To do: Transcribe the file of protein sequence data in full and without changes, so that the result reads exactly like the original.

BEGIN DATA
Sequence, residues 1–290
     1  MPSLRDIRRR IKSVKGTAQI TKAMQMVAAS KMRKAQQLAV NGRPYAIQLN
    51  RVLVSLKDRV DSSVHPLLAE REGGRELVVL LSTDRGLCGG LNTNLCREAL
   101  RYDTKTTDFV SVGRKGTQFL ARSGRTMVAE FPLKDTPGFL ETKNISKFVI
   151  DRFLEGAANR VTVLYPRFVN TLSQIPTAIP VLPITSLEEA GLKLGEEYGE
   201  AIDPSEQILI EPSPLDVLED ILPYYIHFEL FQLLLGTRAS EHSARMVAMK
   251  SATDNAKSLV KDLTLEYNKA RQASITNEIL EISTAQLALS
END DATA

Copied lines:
Sequence, residues 1–290
     1  MPSLRDIRRR IKSVKGTAQI TKAMQMVAAS KMRKAQQLAV NGRPYAIQLN
    51  RVLVSLKDRV DSSVHPLLAE REGGRELVVL LSTDRGLCGG LNTNLCREAL
   101  RYDTKTTDFV SVGRKGTQFL ARSGRTMVAE FPLKDTPGFL ETKNISKFVI
   151  DRFLEGAANR VTVLYPRFVN TLSQIPTAIP VLPITSLEEA GLKLGEEYGE
   201  AIDPSEQILI EPSPLDVLED ILPYYIHFEL FQLLLGTRAS EHSARMVAMK
   251  SATDNAKSLV KDLTLEYNKA RQASITNEIL EISTAQLALS